Kimchi is the national dish of Korea, and in kimchi jjigae — a meal dating back to the 16th century — the fiery pickled cabbage is made into a hearty stew with ingredients like beef and tofu. As an added bonus, kimchi is a superfood packed with digestive-aiding probiotics. The Korean chef Maangchi calls this stew variation “a warm, hearty, spicy, savory, delicious dish that pretty much everyone loves” and Maangchi’s recipe has an impressive five-star average rating with over 64,000 votes — so you know it’s tried and true.
6. Cuban Ground Beef
Picadillo is a Cuban dish consisting of ground beef, tomatoes, raisins, and olives. The New York Times calls it “the ultimate Cuban comfort food,” and reports that many preparations of picadillo derive from a 1954 recipe by Cuban chef Nitza Villapol. Variations on picadillo exist throughout Latin America and the Caribbean, but they always rely on ground meat. Ladle the sweet and savory beef over some rice and dinner’s set. The best part: it all cooks in one pan. Try this take from the blog Laylita’s Recipes.
7. Chinese Tomato and Egg
Both economical and easy to prepare, eggs are a go-to when it comes to comfort food in the U.S. and abroad. In a Chinese tomato and egg stir-fry, the ingredients are cooked with sesame oil, sugar, ginger, and ketchup to make a quick meal writer Francis Lam says “hits every pleasure center in the brain and makes it easy to scarf down a lot of rice, fast.” In his New York Times piece on the dish, he recalls eating it during childhood and describes the significance of tomato egg stir-fry in Chinese culture: “in Chinese cooking, the dish is like air, present and invisible.” This is an easy one to whip up — try Lam’s recipe below.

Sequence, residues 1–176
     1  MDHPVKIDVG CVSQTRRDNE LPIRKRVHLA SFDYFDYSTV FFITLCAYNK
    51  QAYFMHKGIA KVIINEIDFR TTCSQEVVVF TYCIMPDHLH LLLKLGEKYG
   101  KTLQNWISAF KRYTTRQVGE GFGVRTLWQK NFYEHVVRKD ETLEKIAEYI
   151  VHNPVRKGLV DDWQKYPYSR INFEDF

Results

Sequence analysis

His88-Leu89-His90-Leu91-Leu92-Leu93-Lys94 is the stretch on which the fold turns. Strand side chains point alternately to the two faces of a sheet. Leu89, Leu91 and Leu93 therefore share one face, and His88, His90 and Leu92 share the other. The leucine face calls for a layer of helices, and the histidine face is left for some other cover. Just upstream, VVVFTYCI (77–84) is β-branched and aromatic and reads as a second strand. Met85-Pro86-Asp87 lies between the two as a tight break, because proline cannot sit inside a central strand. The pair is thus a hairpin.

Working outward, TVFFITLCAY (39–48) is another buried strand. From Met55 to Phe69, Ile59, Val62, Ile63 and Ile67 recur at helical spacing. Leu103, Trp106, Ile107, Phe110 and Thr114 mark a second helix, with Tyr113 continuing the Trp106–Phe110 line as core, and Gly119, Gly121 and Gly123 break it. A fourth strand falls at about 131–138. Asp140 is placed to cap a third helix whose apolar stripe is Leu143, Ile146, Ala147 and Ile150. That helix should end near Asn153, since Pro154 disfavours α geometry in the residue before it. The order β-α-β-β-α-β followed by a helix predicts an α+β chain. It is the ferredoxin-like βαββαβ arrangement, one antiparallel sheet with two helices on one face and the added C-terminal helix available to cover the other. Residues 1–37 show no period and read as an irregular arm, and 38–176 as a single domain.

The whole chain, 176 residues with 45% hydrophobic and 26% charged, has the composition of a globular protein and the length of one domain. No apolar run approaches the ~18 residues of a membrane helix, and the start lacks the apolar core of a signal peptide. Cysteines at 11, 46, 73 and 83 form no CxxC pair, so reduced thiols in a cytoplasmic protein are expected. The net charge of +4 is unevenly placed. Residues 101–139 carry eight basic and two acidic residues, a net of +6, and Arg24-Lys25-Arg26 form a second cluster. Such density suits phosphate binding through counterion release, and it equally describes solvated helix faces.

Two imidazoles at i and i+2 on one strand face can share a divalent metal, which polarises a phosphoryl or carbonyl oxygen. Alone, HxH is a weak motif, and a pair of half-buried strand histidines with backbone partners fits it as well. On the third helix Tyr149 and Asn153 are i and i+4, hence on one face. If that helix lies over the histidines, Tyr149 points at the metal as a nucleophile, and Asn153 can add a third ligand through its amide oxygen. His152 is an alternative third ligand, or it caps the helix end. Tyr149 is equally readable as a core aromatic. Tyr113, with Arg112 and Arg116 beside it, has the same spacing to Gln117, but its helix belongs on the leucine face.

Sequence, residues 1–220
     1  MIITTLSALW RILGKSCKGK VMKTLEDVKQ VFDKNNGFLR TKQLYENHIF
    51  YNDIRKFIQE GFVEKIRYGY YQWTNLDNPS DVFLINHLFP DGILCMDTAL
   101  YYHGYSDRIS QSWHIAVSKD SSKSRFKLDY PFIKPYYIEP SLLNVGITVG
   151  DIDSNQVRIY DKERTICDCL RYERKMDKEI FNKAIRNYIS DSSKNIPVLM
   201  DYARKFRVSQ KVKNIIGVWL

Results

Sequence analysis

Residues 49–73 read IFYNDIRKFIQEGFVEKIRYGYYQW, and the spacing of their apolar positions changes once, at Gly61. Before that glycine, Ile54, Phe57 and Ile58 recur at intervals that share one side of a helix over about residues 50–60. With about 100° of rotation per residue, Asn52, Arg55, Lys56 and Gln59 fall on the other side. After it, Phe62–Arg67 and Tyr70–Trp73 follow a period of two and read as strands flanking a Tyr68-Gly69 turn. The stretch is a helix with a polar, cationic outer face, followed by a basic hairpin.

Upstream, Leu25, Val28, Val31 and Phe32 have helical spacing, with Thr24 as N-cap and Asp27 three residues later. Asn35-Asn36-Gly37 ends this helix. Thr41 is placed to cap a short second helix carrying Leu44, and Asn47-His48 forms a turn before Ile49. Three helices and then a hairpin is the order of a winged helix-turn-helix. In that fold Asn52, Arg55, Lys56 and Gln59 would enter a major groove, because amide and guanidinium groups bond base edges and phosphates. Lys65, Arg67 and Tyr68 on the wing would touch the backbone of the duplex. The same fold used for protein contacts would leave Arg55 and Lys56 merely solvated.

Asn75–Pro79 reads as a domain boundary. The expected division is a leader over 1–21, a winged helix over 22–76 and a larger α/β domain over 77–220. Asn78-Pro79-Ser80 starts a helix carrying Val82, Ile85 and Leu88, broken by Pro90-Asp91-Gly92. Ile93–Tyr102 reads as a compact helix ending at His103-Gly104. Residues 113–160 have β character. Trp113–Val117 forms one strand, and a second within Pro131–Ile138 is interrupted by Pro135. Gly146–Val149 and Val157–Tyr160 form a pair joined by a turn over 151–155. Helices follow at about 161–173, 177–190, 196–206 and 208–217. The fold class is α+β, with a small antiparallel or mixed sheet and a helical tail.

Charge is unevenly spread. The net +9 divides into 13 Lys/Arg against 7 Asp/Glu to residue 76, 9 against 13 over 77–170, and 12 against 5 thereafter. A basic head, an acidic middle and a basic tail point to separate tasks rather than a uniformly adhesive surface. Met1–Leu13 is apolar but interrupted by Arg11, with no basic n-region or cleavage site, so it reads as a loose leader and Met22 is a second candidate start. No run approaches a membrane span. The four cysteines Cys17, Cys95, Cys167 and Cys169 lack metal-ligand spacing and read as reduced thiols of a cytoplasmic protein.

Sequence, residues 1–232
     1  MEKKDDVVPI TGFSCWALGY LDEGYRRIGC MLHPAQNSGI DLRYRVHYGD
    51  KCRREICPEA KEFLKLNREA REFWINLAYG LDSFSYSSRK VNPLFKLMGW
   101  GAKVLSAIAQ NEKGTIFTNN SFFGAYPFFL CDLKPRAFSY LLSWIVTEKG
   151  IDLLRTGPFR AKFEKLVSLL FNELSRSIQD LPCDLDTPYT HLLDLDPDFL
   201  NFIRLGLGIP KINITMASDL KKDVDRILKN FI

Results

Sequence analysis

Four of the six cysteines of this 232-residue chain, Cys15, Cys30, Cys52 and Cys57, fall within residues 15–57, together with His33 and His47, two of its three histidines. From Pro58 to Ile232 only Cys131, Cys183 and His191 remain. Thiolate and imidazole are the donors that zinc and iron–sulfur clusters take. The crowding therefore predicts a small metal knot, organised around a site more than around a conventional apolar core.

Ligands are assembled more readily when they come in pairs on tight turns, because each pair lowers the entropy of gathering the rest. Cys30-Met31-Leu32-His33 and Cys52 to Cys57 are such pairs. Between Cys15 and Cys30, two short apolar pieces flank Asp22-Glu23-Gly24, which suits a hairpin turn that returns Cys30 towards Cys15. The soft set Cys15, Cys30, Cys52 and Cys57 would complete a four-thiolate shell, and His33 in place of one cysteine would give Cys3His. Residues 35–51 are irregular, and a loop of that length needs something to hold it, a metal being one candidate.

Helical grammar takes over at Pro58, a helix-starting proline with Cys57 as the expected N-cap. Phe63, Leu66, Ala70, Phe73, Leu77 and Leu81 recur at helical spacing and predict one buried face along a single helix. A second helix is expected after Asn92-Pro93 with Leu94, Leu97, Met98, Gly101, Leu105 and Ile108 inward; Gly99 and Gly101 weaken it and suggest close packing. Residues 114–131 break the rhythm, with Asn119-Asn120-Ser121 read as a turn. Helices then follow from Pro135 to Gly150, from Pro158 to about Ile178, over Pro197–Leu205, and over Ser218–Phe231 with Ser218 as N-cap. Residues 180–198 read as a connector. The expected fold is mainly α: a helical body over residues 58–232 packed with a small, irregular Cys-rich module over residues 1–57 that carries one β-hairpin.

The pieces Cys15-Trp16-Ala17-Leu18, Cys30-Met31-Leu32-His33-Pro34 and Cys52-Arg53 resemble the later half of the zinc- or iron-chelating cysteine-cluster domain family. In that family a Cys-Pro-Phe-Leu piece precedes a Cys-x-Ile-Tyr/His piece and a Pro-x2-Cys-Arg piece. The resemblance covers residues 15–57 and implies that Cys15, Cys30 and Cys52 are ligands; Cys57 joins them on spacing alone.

Ingredients (Serves 2 to 3):
- 6 eggs
- Kosher salt
- ½ teaspoon sesame oil
- 1 tablespoon Shaoxing rice wine or dry sherry
- 1 teaspoon cornstarch
- 1 teaspoon sugar
- 2 tablespoons ketchup
- 1 pound beefsteak tomatoes in season, or 1 can of diced tomatoes in juice (14.5 ounces)
- 4 tablespoons vegetable oil
- 3 scallions, sliced
- 1 teaspoon minced ginger (from about ¼-inch nub)
- Steamed rice, for serving
- In mixing bowl, beat eggs well with 1 teaspoon salt, sesame oil, and rice wine or sherry. In small bowl, stir together cornstarch and 2 tablespoons water until well-combined, then stir in sugar and ketchup.
- If using fresh tomatoes, core and cut into ½-inch-wide wedges.
- Heat wide nonstick skillet over high heat with 3 tablespoons vegetable oil. When oil shimmers, add most scallions, saving some to garnish. Cook, stirring, until very aromatic (about 20 seconds). Add eggs and cook, stirring well with spatula or chopsticks, until just set but still runny (about 45 seconds). Pour eggs back into mixing bowl, and wipe out pan.
- Reheat pan over high heat with remaining tablespoon of oil. When hot, add ginger and cook until aromatic (about 15 seconds). Add tomatoes and salt to taste; cook, stirring occasionally, until flesh has softened but still has shape and juices have begun to form a sauce (2 to 3 minutes). (If using canned tomatoes, add juice as well and cook about 4 minutes, to reduce it to sauce-like consistency.)
- Reduce heat to medium. Give cornstarch-ketchup mixture a stir in bowl, then stir into pan. Cook, stirring, until sauce returns to boil and thickens. Taste and adjust seasoning with salt, sugar, or more ketchup — should be a savory, tart-sweet sauce. Stir eggs in bowl to cut up curds a bit, then return to pan. Cook, stirring, for few seconds to finish cooking eggs and to combine. Top with reserved scallions, and serve with steamed rice.
Ultimately, each of these international comfort foods carry years of history along with it. More than just yummy meals, they are traditions that strengthen family bonds and connect people across decades and cultures. Let us know which ones you try!
This article originally appeared on our sister site, Woman’s World.